The Armenian Catholicosate of Cilicia

The spiritual heritage of the Armenian Church and the historical memory of the Armenian Catholicosate of Cilicia have shaped the mission of the Catholicosate, which today embraces various dimensions and spheres of the life of the Armenian people.


The Armenian Diaspora

Throughout its history, and especially in difficult times, the Catholicosate has been actively present in the religious, educational, cultural and social life of the Armenian people. After the 1915 Genocide, it contributed crucially to the formation and organization of the Armenian Diaspora.


Theological Formation

The Theological Seminary has played a pivotal role in the witness of the Catholicosate. Many teachers, married priests, monks, bishops and catholicoi have graduated from the Seminary and have served the Armenian Church and nation in an exemplary spirit of Christian dedication and witness.


Diakonia/Social Services

The Catholicosate has contributed significantly to the development of social services. It has not only encouraged social projects at the diocesan level, it has also initiated important social projects, mainly in Lebanon, Syria and Greece. It directly administered the Birds’ Nest Orphanage in Jbeil, the Sanatorium, the popular housing project and the Old Peoples’ Homes in Lebanon, Syria and Greece.


Cultural Life

The Cathlicosate promotes Armenian spiritual and cultural values as witnessed by its recent construction of a Museum and by its well-stocked Library. Its publishing house, which produces numerous titles every year, has established many important bookfairs, conferences, seminars, cultural gatherings and concerts.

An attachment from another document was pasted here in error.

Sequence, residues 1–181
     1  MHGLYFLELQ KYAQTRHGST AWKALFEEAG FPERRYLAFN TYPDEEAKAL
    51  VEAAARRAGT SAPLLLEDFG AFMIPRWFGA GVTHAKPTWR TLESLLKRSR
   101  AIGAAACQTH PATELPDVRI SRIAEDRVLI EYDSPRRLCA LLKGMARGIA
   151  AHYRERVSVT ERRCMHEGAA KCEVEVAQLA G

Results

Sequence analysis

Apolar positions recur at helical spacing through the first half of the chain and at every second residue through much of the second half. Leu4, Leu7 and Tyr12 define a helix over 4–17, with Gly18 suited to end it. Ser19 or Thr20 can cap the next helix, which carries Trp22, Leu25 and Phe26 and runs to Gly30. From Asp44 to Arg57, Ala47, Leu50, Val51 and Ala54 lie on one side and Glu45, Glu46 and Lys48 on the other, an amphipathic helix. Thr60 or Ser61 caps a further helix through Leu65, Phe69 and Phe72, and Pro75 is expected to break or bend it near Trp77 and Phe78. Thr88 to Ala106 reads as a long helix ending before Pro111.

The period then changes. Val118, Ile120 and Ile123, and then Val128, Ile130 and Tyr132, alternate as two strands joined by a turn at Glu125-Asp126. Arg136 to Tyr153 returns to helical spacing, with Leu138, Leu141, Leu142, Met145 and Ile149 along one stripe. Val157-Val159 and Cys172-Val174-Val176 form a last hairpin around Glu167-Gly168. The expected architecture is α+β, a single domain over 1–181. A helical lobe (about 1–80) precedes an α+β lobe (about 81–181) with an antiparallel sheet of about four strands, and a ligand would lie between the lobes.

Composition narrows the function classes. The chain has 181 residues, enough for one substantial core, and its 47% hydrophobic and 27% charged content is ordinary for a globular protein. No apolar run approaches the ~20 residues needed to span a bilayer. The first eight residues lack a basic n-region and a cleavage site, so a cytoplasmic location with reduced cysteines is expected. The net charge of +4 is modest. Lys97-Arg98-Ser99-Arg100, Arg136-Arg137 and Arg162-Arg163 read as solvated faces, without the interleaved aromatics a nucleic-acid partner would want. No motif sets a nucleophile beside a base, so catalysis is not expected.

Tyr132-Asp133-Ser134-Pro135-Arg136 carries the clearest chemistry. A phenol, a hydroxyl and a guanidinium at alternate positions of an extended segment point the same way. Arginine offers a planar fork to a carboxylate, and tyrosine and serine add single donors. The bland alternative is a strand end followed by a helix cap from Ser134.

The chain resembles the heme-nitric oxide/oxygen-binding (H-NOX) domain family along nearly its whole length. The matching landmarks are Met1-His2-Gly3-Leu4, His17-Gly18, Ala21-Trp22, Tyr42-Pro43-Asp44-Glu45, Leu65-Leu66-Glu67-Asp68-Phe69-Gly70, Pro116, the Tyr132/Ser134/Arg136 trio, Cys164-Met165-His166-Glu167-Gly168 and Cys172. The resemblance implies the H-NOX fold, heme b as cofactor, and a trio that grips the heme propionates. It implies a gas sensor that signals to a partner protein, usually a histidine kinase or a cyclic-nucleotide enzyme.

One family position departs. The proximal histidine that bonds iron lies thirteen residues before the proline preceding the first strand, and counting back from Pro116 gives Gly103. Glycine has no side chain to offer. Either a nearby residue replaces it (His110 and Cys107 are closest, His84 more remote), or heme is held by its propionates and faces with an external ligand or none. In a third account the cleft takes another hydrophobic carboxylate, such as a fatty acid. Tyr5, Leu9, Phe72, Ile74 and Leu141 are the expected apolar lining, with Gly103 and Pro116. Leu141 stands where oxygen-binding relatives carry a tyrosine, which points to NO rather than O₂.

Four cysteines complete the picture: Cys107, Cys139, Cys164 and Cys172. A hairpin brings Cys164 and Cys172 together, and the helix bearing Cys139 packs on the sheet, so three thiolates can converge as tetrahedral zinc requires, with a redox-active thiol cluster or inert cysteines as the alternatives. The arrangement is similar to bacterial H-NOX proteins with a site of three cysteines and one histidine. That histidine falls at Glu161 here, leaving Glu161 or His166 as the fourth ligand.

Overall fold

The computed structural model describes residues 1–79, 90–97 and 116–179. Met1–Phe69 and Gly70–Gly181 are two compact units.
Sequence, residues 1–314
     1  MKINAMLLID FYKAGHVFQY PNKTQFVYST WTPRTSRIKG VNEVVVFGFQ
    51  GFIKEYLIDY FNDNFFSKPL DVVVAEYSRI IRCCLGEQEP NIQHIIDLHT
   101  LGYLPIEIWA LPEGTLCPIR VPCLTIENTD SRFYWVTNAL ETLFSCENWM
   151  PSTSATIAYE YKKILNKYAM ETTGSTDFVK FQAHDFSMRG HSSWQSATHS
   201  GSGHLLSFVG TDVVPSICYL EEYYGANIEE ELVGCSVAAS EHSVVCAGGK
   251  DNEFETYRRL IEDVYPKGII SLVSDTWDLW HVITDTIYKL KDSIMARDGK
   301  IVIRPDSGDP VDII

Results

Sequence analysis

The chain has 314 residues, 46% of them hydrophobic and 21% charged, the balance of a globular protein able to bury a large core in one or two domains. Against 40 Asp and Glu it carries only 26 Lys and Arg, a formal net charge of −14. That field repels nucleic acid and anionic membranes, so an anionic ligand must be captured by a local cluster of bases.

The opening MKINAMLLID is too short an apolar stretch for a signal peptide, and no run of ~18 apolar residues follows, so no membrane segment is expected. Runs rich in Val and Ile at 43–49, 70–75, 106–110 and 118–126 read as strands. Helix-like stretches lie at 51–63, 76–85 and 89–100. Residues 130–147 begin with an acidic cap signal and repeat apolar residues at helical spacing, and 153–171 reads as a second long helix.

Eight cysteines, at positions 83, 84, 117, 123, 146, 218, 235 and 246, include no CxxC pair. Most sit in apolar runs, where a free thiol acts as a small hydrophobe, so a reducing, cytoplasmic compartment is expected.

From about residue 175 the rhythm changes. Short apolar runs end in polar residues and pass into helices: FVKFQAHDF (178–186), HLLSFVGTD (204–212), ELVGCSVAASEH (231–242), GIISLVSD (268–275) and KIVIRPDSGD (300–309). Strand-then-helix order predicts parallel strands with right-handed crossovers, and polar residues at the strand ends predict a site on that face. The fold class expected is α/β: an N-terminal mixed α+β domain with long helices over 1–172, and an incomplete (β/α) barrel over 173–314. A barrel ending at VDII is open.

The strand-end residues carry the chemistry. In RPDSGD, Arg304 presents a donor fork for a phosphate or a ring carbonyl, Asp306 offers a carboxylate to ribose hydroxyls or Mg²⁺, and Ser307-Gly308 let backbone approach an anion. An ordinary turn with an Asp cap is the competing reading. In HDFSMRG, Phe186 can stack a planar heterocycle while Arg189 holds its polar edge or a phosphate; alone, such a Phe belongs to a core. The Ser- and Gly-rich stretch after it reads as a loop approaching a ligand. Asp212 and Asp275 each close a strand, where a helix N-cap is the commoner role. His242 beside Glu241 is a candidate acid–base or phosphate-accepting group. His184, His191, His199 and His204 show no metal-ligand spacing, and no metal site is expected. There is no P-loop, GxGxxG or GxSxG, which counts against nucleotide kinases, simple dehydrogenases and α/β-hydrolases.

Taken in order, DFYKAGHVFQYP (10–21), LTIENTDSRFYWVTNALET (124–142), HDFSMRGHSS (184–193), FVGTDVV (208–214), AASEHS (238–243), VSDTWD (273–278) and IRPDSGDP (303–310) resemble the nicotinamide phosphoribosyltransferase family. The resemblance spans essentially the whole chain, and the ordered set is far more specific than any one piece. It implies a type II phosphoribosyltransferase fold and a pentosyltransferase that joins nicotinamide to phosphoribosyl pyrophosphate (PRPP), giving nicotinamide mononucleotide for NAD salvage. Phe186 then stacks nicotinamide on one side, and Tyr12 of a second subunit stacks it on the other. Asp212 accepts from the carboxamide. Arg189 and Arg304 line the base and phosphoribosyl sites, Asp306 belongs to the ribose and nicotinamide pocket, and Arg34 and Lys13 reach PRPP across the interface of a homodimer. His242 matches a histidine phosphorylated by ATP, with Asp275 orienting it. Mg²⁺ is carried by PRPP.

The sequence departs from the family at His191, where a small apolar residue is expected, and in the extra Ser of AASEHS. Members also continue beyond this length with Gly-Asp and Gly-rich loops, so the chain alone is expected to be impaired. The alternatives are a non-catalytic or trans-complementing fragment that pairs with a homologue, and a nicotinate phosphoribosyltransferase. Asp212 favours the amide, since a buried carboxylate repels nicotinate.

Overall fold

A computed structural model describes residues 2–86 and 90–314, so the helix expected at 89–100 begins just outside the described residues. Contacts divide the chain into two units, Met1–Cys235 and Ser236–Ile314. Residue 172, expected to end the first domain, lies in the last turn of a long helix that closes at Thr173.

Ecumenical Relations

Since 1950’s ecumenism has been a major concern of the work of the Catholicosate. Its lay and clergy representatives participate actively in the meetings and conferences of the World Council of Churches (WCC). The ecumenical engagement of the Catholicosate was given a more organized form after 1962, when it became a member of this world family of churches. During the General Assembly in Nairobi, in 1975, Bishop Karekin Sarkissian (the late Catholicos of Etchmiadzin) was elected as a Vice-Moderator of the Central Committee (a position he held until 1983). At the 7th General Assembly in Canberra, in 1991, Archbishop Aram Keshishian (His Holiness Aram I), became the first Orthodox, the first Middle Easterner and the youngest person ever to be elected Moderator of the Central and Executive Committees. His Holiness was re-elected at the 8th Assembly of the World Council of Churches in Harare, Zimbabwe, in 1998.


The Armenian Cause

Itself a victim of the Armenian Genocide, the Catholicosate was a key player in bringing the Armenian Cause to the attention of the world at large. It also worked to build its own people’s awareness of the Genocide.


The Middle Eastern Context

Having its headquarters in the Arab world, the Catholicosate has participated fully in the major events of this region. It has taken part in the struggle for independence of the Arab countries, mainly in Lebanon and Syria. It has strongly supported the Palestinian Cause and worked for a just, comprehensive and permanent solution of the Arab-Israeli conflict.

Being a firm believer and defender of co-existence and dialogue, the Catholicosate has taken part in all efforts aimed at creating and strengthening a shared and harmonious common life among religions, societies, cultures and civilizations in the Middle East.